A young Paul Allen and Bill Gates at Seattle's Lakeside School. Photo: Vulcan

Paul Allen, the Microsoft co-founder who went on to become a major tech investor, philanthropist and civic leader, died Monday after a recurrence of cancer.

The big picture: Though Allen was personally low key, he made a major mark on the world, especially in his hometown of Seattle, where he helped cement the city's role.

He established a number of key institutions including the MoPop museum of pop culture and the Living Computers Museum, a gem of a place where you can try out many of the early devices that helped create the tech industry.

He also ran tech investor Vulcan, established the Allen Institute for Brain Science, owned the Seattle Seahawks and Portland Trailblazers, and did way more than Axios' format could allow me to list. Oh yeah, and he was one heck of a guitarist.

What they're saying:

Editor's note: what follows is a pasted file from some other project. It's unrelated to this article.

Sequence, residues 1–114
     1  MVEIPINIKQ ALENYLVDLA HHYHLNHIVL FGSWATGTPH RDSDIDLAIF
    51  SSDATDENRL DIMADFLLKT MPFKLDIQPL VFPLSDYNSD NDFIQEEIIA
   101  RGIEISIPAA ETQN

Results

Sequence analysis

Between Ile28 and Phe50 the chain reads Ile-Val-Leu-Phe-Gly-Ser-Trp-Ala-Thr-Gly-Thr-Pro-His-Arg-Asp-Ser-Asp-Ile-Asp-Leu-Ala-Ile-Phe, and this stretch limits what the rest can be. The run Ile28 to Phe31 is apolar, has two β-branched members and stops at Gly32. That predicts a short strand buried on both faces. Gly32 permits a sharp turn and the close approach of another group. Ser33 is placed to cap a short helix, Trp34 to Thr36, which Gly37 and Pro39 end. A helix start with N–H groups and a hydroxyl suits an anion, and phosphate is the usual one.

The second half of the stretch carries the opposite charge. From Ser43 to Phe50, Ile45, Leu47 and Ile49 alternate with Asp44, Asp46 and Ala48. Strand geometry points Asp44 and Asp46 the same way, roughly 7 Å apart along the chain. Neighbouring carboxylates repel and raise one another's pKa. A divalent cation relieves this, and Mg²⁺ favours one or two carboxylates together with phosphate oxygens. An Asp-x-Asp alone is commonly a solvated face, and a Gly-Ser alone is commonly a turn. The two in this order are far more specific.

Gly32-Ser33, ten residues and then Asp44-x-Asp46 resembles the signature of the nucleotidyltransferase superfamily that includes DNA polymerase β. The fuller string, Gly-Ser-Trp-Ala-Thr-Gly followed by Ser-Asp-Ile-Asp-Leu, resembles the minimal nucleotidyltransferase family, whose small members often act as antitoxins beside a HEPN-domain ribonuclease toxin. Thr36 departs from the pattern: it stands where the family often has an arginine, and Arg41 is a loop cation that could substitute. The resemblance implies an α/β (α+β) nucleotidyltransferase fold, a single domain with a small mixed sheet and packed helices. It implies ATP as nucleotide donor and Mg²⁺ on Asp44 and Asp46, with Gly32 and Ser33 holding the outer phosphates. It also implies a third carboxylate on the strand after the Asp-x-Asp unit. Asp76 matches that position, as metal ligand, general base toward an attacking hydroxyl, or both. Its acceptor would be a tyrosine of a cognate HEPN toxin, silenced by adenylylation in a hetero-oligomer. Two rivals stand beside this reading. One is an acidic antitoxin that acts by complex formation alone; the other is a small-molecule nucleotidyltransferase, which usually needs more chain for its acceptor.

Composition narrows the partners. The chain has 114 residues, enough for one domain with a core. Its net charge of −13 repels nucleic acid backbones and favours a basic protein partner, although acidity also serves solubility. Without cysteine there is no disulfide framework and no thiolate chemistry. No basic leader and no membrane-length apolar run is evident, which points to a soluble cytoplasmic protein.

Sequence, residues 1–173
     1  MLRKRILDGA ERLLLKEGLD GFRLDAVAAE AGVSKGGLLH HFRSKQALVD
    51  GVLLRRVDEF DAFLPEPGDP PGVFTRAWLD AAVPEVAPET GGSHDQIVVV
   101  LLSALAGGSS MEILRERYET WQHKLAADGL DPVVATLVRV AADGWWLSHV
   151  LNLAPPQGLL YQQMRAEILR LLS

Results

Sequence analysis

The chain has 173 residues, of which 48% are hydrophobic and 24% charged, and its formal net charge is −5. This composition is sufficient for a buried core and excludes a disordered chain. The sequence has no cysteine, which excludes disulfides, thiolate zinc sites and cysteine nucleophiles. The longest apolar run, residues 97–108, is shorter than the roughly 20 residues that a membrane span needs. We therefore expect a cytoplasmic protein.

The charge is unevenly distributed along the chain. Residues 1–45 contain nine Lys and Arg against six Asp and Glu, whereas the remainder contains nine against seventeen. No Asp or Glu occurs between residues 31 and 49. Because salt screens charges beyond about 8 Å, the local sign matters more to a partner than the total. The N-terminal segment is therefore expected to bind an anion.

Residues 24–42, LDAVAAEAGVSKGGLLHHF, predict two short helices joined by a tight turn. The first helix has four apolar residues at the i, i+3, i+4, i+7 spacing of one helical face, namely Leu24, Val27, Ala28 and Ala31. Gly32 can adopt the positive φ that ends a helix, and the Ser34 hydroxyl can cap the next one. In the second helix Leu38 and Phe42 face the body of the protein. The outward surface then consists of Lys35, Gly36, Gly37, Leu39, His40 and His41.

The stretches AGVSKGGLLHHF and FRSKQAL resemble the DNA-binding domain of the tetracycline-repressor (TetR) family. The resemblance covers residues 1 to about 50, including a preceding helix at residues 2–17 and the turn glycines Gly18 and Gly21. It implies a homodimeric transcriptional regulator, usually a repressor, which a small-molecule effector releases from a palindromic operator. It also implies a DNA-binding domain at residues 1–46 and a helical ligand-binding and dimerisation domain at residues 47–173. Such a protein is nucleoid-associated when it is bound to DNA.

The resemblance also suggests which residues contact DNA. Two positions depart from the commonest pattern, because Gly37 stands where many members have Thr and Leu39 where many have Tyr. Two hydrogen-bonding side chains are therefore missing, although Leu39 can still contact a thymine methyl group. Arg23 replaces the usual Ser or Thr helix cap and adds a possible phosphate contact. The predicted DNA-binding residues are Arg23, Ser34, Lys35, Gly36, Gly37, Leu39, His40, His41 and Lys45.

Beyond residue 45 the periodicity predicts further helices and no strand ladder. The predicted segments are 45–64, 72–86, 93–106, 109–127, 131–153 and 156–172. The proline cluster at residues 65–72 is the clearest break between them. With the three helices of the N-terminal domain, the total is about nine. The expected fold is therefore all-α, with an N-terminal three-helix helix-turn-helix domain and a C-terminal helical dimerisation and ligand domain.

• His Microsoft co-founder Bill Gates: "I am heartbroken by the passing of one of my oldest and dearest friends. Paul was a true partner and dear friend. Personal computing would not have existed without him.” (per Bloomberg)
  • The Information's Nick Wingfield: "Paul Allen led the kind of life I think a lot of people would if they acquired unimaginable wealth. A combo of good deeds, bad investments, good investments, ridiculous toys and having somewhat obscene amounts of fun."
  • Amazon's Jeff Bezos: "Very sad to hear of Paul Allen’s passing. His passion for invention and pushing forward inspired so many. He was relentless to the end. My heart goes out to Paul’s family and friends."
  • Singer David Crosby: "damn...lost a friend we needed ...Paul Allen ...smart , decent man , ..good guitar player...funder of science ...saver of elephants ... A fine man."

Go deeper: Listen to this rare public interview from Seattle's GeekWire, recorded in 2011.

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